Apps, technology changing the trucking landscape

There’s an app for that.

That ubiquitous phrase now, more than ever, applies to the multi-billion trucking industry that moves goods across the United States and accounts for 69 percent of goods moved in the country.

And while trucking is suffering from a driver shortage, technology is making things easier, more efficient and more cost effective.

Mobile technology, once the province of geeks and early adopters, has now trickled down to truckers – and the ride is getting better.

The apps cover a wide variety of trucking-related topics.

Here’s a few:

Trucker Tools – The Trucker Tools app provides many features to make life for full-time and interstate truckers simpler and easier. Some of the most used features of the app include information about; the distance and direction of the nearest truck shops and rest areas; real time fuel prices; fuel optimizers; and quick info about route restrictions.

FatSecret (Calorie Counter) – It can be difficult to find healthy eating options while driving in many parts of the USA. Truck drivers are working long shifts and have tight schedules. FatSecret allows drivers to combat unhealthy eating habits. The app provides nutritional information for food found at road-side restaurants. It also lets users scan barcodes on packaged foods, giving instant counts for daily calories, fat and carbs.

FleetSafer Mobile: Reading or typing text messages while driving can be fatal. This app eliminates the desire to text, email, browse the web, or answer calls by locking phones while driving. It keeps full attention on the road where it belongs. While it’s locked, FleetSafer sends auto-reply messages for all emails and texts.

New companies emerging in the trucking app market seem to pop up every day.

Here’s a few:

TugForce – A startup technology company specializing in providing on-demand trucking services for commercial shippers, launches May 2016. Known as the ‘Uber of the trucking industry,’ TugForce is set to revolutionize transportation for independent truckers and small truck fleets worldwide, according to the company’s press release.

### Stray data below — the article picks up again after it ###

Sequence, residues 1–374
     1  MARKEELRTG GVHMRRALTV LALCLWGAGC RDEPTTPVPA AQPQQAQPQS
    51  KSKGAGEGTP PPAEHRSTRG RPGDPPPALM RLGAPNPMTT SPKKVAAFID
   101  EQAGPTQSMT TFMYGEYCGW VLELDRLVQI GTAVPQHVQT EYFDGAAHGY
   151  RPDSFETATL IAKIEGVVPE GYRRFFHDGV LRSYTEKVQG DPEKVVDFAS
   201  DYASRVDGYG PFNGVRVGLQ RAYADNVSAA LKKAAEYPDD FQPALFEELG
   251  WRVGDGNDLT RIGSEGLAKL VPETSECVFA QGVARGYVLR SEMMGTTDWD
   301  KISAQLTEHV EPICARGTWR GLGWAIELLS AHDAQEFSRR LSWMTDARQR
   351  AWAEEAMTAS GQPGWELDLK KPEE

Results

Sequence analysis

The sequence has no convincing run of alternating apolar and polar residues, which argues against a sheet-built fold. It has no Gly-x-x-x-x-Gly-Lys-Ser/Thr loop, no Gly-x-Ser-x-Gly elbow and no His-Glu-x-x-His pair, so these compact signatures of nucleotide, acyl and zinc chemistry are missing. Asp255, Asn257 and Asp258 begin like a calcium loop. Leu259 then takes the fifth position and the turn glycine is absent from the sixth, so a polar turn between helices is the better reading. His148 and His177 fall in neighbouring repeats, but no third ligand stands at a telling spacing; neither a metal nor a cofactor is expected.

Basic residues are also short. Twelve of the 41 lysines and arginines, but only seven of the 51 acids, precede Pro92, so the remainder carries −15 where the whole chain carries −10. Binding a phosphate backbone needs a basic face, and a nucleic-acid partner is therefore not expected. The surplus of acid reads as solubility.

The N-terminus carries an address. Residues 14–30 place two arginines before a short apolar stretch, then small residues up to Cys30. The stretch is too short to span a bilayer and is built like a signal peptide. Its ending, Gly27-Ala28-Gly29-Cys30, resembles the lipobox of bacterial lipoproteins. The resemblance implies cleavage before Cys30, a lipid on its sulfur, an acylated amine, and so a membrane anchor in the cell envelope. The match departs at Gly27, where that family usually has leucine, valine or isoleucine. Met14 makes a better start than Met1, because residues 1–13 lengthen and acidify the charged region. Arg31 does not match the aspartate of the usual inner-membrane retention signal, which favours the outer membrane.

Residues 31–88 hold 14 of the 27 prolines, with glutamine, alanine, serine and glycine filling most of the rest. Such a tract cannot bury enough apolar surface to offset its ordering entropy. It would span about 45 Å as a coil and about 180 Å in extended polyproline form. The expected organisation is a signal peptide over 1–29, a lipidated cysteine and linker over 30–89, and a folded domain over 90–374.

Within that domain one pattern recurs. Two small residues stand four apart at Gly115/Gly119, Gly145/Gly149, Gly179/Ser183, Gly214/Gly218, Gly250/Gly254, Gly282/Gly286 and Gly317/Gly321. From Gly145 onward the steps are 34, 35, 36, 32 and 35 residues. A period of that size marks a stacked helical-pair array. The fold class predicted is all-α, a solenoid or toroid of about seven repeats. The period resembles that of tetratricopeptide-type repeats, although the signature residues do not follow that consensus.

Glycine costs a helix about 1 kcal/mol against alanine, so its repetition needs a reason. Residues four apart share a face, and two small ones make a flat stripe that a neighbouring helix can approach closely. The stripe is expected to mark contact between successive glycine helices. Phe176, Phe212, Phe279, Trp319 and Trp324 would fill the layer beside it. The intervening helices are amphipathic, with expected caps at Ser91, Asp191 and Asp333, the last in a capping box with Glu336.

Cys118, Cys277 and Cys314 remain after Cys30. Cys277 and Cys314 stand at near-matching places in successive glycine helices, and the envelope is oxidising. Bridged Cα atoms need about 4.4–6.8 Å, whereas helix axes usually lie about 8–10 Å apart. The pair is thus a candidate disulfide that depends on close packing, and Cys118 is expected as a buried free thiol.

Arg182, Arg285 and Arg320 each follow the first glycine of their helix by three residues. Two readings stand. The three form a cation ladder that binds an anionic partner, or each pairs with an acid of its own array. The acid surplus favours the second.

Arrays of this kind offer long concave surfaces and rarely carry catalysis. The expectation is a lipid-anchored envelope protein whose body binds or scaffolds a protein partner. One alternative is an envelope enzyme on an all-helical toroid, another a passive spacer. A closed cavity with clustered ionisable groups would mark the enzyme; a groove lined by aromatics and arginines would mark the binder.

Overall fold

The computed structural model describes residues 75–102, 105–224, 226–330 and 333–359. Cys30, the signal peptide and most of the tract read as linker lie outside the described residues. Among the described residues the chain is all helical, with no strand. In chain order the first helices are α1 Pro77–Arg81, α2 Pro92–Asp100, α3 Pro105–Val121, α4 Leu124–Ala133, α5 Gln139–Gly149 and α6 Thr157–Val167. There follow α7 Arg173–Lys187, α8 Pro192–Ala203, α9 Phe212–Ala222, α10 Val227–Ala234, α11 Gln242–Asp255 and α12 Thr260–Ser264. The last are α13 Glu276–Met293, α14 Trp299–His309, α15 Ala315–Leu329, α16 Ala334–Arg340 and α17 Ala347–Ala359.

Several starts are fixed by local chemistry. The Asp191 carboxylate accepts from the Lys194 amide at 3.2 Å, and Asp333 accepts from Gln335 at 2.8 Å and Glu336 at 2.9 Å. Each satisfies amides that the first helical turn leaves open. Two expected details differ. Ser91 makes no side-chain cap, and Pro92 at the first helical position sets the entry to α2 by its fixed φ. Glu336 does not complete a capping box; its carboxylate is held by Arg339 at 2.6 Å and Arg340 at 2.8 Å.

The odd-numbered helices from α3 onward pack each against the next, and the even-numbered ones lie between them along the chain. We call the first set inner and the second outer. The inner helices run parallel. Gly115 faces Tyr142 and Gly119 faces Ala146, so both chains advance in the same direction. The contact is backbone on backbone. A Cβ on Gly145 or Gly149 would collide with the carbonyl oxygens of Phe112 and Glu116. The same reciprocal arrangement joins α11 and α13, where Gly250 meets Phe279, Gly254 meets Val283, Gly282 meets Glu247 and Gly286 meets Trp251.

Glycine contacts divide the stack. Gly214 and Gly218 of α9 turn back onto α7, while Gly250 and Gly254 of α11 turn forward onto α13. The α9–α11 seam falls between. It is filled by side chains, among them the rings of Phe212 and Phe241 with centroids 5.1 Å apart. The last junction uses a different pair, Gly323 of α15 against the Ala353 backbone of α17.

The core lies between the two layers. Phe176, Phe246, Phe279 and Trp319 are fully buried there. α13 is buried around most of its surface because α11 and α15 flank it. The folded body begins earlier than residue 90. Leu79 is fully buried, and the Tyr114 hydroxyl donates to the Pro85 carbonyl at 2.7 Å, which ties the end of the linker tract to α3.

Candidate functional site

“We created TugForce to bring convenience and efficiency to the massive trucking market,” said Mohammad Ahsan, founder and CEO of TugForce, “By utilizing our services, drivers will no longer have to pay middlemen and shippers will get the best prices available while eliminating brokerage fees for their shipments. It’s a win-win scenario for all parties involved.” will provide a platform for truckers worldwide to post their availability and eliminate driving long distances with no shipments. Often times, truckers drive to a destination with a shipment, and then drive back wasting time and money. Shippers are now going to be able to capitalize from trucks done with their transportation run, and hop on their original route. At the same time, drivers will be paid for a trip they were otherwise going to have to fund.

Convoy – A start-up in Seattle founded by former Amazon employees that has created an on-demand service for local truckers, raised $16 million in a new investment round led by Greylock Partners. New investors also include Jeff Wilke, a top Amazon executive, and Kevin Systrom, the co-founder and chief executive of Instagram.

Reid Hoffman and Simon Rothman from Greylock and Hadi Partovi, a serial entrepreneur who now runs the nonprofit and who previously invested in Convoy, have joined the company’s board of directors. Last year, Convoy raised $2.5 million from a group of investors including Jeff Bezos, the chief executive of Amazon. Convoy began its service last year with the goal of giving local truckers — who specialized in jobs that could be completed in a day — a more efficient way to connect with clients who needed goods shipped.

Local trucking is a heavily fragmented industry, populated by small operators, many of them with 10 or fewer trucks. Matching truckers with clients is typically handled by brokers, who do much of their work by phone, said Dan Lewis, the chief executive of Convoy, who has worked at Amazon.

The company is operating in Oregon and Washington, and has thousands of truckers active in its network. Clients that use the service include Scotts Miracle-Gro and a division of Nucor Steel. Convoy’s revenue has been doubling every month since the company started, according to the firm’s leadership team.

Toss in electronic logbooks, GPS units and internet connectivity, and the truckers of today are staying connected in a world of new ways.